The number of solar jobs increased by 35,000 in 2015 while oil and gas industries cut nearly 17,000 jobs just last year. Here in Kern County, local solar business are seeing former oil workers jump to presumably brighter pastures.
"In the last six months, our trend is up 60% of our new hires are coming from the oil industry," said Jeff Periera, owner of Sun Solar.
In the past few years, solar energy has burst onto the scene as oil struggles to remain strong.
"Kern County specifically tends to be one of the strongest markets for solar in the US year after year," said Gregg Fisher, CEO of Bland Solar & Air.
This sharp contrast between oil decline and solar success enticed solar companies to look to former oil workers to fill expanding job openings.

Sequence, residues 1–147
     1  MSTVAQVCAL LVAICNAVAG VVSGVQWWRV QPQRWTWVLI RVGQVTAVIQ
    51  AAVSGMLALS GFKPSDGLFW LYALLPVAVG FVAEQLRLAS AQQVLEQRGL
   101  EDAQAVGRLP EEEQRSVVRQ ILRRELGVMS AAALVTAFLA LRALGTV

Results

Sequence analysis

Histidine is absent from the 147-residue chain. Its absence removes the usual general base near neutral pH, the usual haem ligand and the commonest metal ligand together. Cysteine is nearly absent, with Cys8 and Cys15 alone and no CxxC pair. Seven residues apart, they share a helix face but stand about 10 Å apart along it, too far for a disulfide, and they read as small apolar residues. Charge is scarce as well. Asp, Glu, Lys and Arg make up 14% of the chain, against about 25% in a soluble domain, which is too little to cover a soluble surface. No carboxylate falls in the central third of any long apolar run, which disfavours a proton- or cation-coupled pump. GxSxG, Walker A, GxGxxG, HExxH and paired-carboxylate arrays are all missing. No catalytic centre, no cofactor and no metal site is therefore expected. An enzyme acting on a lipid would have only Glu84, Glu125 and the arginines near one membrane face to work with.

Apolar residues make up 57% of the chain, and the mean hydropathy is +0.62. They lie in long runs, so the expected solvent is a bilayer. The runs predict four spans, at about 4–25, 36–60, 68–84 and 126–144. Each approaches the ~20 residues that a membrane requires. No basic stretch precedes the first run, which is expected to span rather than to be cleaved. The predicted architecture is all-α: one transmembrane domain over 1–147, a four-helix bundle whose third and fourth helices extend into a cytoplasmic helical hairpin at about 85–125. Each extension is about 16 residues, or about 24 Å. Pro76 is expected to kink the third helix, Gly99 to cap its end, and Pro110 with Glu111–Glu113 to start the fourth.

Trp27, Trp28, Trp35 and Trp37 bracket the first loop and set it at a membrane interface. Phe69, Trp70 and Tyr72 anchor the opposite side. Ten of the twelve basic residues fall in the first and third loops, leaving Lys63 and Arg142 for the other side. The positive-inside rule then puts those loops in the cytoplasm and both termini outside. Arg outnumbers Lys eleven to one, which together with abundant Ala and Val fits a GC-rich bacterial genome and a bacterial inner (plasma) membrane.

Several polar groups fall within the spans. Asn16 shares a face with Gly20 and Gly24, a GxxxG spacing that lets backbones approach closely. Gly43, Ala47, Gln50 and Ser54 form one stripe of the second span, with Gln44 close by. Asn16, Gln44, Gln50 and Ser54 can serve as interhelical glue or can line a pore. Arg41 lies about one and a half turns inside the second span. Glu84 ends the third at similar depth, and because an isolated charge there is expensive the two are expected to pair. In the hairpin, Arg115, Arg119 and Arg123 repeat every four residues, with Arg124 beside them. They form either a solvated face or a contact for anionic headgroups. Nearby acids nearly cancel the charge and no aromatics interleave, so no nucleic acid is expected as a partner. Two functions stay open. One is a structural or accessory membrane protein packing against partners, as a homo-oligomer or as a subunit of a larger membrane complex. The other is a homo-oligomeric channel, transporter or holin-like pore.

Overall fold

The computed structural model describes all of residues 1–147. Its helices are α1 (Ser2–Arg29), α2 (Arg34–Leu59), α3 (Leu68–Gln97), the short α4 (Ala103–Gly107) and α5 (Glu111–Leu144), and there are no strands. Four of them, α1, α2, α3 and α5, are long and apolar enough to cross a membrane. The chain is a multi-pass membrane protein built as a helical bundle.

"We noticed it starting about a year ago, we started advertising for it even. In fact, just in the last six months, it's really been a lot more prevalent than before," said Periera.
John Pavletich, co-owner of PAV Solar, another local solar company in Kern County, says that in the past two months, he has seen anywhere from 8-10 former oil workers fill out job interest forms a week.
Whether oil comes back to full strength remains to be seen, but for solar, the growth is expected to increase in the near future.
"Energy is something that everyone has to have so we anticipate not just for the next four to five years but really for the foreseeable future that the renewable market, specifically the solar space, continues to be a strong one, especially in Kern County," said Fisher.